int time = getTime();
      if (time < 5) {
        time = 19 +  time;
      } else {
        time = time - 5;

void updateThingSpeak(String tsData) {
  if (client.connect(thingSpeakAddress,80)) {  
    client.print("POST /update HTTP/1.1\n");
    client.print("Connection: close\n");
    client.print("X-THINGSPEAKAPIKEY: "+writeAPIKey+"\n");
    client.print("Content-Type: application/x-www-form-urlencoded\n");
    client.print("Content-Length: ");
    Serial.println("Updated thingspeak: " + tsData);

// send an NTP request to the time server at the given address
unsigned long sendNTPpacket(char* address) {
  Serial.println("sending packet");
  // set all bytes in the buffer to 0
  memset(packetBuffer, 0, NTP_PACKET_SIZE);
  // Initialize values needed to form NTP request
  // (see URL above for details on the packets)
  packetBuffer[0] = 0b11100011;   // LI, Version, Mode
  packetBuffer[1] = 0;     // Stratum, or type of clock
  packetBuffer[2] = 6;     // Polling Interval
  packetBuffer[3] = 0xEC;  // Peer Clock Precision
  // 8 bytes of zero for Root Delay & Root Dispersion
  packetBuffer[12]  = 49;
  packetBuffer[13]  = 0x4E;
  packetBuffer[14]  = 49;
  packetBuffer[15]  = 52;

  // all NTP fields have been given values, now
  // you can send a packet requesting a timestamp:
  Udp.beginPacket(address, 123); //NTP requests are to port 123
  Udp.write(packetBuffer, NTP_PACKET_SIZE);

int getTime() {
  Serial.println("getting time");
  sendNTPpacket(timeServer); // send an NTP packet to a time server

  // wait to see if a reply is available
  if (Udp.parsePacket()) {
    Serial.println("packet parsed");
    // We've received a packet, read the data from it, NTP_PACKET_SIZE); // read the packet into the buffer

    // the timestamp starts at byte 40 of the received packet and is four bytes,
    // or two words, long. First, extract the two words:

    unsigned long highWord = word(packetBuffer[40], packetBuffer[41]);
    unsigned long lowWord = word(packetBuffer[42], packetBuffer[43]);
    // combine the four bytes (two words) into a long integer
    // this is NTP time (seconds since Jan 1 1900):
    unsigned long secsSince1900 = highWord << 16 | lowWord;
    Serial.print("Seconds since Jan 1 1900 = ");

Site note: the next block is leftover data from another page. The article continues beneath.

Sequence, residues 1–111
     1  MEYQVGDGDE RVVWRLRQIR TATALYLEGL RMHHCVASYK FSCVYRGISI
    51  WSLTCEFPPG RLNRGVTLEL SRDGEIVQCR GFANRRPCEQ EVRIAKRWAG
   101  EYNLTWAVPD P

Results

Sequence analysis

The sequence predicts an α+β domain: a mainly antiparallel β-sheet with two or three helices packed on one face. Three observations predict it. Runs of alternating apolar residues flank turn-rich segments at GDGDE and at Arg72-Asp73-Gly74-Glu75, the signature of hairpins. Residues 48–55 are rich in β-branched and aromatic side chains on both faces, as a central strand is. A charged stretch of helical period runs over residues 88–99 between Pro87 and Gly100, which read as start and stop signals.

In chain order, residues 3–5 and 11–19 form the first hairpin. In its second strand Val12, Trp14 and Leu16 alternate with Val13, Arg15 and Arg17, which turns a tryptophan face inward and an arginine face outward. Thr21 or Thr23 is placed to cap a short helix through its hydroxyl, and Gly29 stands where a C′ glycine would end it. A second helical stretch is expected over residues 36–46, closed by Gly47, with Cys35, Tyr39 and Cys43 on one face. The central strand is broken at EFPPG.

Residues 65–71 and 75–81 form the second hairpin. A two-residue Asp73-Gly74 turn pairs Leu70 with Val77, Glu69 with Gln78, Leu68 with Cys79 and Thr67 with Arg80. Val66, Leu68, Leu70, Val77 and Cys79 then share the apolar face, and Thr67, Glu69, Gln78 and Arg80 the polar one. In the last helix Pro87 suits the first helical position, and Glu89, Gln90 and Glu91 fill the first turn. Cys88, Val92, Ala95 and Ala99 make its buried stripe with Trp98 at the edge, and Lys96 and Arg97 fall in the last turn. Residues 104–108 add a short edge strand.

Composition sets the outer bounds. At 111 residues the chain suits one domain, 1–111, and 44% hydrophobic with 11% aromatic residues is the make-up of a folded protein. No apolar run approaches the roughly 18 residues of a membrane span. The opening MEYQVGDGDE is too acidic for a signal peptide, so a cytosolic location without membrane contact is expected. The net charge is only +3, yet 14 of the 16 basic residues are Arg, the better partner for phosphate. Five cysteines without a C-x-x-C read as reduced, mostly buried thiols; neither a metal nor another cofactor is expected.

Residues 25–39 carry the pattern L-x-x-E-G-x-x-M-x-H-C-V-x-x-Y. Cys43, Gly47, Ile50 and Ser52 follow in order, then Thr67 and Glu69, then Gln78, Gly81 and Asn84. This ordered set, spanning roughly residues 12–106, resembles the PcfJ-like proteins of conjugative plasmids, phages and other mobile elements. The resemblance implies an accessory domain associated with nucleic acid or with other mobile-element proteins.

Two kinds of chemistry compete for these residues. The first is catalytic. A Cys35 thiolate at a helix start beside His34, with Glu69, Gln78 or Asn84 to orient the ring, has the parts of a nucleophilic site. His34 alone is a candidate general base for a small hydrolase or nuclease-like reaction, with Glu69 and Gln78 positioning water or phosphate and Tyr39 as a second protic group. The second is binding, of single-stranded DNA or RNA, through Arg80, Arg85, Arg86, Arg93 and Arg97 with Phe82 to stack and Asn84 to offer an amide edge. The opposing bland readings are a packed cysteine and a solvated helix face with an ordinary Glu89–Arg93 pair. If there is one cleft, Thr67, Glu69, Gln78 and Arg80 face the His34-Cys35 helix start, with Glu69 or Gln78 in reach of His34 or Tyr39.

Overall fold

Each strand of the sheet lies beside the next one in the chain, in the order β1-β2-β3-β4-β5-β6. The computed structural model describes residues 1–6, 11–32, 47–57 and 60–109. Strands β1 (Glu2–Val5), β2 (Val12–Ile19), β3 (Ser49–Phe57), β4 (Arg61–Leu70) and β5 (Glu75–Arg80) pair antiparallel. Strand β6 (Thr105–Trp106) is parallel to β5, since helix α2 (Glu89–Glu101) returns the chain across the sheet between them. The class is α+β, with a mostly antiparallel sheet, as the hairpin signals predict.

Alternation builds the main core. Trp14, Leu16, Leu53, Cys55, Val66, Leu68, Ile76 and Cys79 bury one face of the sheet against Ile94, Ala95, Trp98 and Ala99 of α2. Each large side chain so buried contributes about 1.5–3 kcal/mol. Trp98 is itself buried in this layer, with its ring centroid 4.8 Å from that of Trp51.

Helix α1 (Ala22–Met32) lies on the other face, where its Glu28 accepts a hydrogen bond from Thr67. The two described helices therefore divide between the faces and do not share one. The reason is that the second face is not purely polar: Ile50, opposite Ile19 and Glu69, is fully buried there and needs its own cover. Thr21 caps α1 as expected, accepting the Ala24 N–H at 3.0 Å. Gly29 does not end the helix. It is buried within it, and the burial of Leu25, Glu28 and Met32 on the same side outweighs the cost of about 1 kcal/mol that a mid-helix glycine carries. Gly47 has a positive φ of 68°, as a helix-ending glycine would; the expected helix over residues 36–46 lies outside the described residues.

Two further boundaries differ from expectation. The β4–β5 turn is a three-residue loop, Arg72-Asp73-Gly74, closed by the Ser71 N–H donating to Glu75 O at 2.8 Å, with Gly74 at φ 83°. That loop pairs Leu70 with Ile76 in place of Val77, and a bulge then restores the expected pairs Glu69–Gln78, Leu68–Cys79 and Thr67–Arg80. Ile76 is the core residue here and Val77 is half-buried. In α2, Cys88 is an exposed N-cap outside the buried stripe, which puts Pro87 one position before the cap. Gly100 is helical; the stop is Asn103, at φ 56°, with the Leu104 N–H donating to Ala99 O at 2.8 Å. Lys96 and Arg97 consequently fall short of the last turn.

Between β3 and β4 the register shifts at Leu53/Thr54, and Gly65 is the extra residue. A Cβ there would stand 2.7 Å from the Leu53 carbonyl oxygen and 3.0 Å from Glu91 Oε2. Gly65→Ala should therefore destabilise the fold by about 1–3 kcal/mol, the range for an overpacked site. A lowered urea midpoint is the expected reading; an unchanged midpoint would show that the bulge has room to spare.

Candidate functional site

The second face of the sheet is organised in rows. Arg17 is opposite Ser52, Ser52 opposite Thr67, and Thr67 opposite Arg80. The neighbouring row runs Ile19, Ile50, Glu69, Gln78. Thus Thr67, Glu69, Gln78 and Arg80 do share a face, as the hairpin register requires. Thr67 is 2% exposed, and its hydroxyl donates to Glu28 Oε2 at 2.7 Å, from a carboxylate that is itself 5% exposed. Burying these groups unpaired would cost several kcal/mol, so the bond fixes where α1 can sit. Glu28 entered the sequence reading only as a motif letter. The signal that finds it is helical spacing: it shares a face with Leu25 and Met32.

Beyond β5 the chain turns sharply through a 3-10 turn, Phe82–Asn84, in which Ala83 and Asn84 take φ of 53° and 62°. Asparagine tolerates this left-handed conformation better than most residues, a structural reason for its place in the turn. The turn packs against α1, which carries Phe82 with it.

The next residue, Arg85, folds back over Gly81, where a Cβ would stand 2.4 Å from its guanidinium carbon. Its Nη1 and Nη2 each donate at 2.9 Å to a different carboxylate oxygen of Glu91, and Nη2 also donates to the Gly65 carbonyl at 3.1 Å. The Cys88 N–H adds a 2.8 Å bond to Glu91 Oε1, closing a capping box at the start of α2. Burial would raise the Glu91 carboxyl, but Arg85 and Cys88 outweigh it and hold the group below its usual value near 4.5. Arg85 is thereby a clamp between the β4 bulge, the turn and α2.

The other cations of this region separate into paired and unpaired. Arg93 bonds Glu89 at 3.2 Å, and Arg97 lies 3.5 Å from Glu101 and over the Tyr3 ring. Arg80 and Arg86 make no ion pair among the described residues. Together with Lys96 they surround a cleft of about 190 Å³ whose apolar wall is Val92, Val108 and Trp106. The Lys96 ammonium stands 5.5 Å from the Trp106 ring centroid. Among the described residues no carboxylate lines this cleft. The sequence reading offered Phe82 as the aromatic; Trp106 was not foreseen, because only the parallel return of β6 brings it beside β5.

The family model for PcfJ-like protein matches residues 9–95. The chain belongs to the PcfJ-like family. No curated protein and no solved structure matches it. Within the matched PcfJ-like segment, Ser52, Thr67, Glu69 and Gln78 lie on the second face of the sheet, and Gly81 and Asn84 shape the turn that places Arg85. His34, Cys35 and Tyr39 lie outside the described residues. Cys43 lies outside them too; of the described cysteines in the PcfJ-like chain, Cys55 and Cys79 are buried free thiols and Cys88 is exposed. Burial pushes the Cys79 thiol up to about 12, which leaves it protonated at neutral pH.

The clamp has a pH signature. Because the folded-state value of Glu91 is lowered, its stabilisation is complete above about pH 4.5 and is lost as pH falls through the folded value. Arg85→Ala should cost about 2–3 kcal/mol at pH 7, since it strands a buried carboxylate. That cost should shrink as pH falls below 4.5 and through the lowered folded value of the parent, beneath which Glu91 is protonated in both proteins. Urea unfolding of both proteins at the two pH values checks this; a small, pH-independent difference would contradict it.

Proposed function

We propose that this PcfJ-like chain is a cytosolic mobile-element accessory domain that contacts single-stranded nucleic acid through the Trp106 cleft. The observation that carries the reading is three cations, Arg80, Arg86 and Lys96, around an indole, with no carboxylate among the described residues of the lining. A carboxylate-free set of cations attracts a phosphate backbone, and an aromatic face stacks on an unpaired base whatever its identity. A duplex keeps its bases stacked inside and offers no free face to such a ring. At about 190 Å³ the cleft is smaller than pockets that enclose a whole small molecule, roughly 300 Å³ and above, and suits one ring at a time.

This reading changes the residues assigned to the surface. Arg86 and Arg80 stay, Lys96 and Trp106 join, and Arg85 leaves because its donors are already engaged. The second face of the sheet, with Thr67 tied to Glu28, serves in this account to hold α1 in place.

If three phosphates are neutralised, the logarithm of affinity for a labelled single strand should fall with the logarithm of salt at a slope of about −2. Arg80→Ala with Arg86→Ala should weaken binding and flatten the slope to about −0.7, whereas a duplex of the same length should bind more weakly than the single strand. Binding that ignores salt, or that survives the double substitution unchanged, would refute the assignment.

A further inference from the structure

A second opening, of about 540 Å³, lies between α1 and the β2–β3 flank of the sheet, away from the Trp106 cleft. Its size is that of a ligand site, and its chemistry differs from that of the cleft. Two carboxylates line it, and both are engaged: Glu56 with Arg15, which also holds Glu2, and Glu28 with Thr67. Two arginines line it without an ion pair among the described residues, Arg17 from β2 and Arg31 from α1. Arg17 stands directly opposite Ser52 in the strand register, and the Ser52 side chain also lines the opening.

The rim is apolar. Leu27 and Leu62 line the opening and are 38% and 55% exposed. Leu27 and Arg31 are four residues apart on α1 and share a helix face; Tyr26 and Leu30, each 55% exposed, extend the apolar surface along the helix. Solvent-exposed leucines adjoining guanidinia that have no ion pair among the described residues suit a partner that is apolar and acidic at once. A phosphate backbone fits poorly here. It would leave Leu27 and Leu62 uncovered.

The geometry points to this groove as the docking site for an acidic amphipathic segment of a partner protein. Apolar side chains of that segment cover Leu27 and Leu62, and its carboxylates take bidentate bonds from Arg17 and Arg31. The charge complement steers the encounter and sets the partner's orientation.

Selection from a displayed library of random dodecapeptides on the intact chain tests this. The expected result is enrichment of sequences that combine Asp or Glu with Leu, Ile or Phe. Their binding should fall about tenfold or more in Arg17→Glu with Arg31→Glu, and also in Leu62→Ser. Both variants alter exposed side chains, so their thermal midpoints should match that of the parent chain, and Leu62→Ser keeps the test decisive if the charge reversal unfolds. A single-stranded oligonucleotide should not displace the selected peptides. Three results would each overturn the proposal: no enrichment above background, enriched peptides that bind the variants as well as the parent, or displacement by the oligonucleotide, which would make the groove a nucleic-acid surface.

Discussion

// now convert NTP time into everyday time:
    Serial.print("Unix time = ");
    // Unix time starts on Jan 1 1970. In seconds, that's 2208988800:
    const unsigned long seventyYears = 2208988800UL;
    // subtract seventy years:
    unsigned long epoch = secsSince1900 - seventyYears;
    // print Unix time:

    Serial.println("The UTC time is ");       // UTC is the time at Greenwich Meridian (GMT)
    int hour = (epoch  % 86400L) / 3600;
    Serial.print(hour); // print the hour (86400 equals secs per day)
    return hour;

Transmitter Code

#include <SoftwareSerial.h>
//RX TX on Bluetooth module, digital pins
SoftwareSerial  BTSerial(2, 3);
//button digital pin
const int button = 13;
//value returned by button
int val = 0;

//Analog read pins for accelerometer
const int xPin = 0;
const int yPin = 1;
const int zPin = 2;

//Baseline values for accelerometer, we only
//care about the absolute value of the change 
//in acceleration
int xbl, ybl, zbl;

//Thresholds for fishfood shake
int threshold[3] = { 80, 40, 40 };

void setup() {
  //Defining button pin as input
  pinMode(button, INPUT);
  int xbla[50], ybla[50], zbla[50];
  for(int i = 0; i < 50; i++) {
    xbla[i] = analogRead(xPin);
    ybla[i] = analogRead(yPin);
    zbla[i] = analogRead(zPin);
  xbl = sum(xbla) / 50;
  ybl = sum(ybla) / 50;
  zbl = sum(zbla) / 50;

int sum(int array[]) {
  int sum = 0;
  for (int i = 0; i < sizeof(array); i++) {
    sum = sum + array[i];
  return sum;

void loop() {
  //read the analog values from the accelerometer
  int xRead = abs(analogRead(xPin) - xbl);
  int yRead = abs(analogRead(yPin) - ybl);
  int zRead = abs(analogRead(zPin) - zbl);

  //read the value from the button, 
  //whether it is pressed or not
  val = digitalRead(button);


  //Check if button is pressed and the controller is shaked
  if(val == HIGH && (xRead > threshold[0] || 
  yRead > threshold[1] || zRead > threshold[2])) {

Thingspeak Visualization Matlab Code

% Channel ID to read data from
readChannelID = 71223;
readkey = 'L5WC4RZ6WCM9GK4T';
% Temperature Field ID
TimeID = 1;

[data, time] = thingSpeakRead(readChannelID, 'Fields', TimeID,'ReadKey',readkey,'NumPoints',100);
% disp(data)
NUM = length(data);
% [data2, time] =thingSpeakRead(readChannelID, 'Fields', TimeID,'ReadKey',readkey,'NumPoints',NUM);
ylabel('Number of Times Fed');
title({['Your Feeding Habits: ','You have fed your fish ',num2str(NUM),' times'];...
['You last fed your fish at around ',num2str(data(end)),':00']});
axis tight
grid on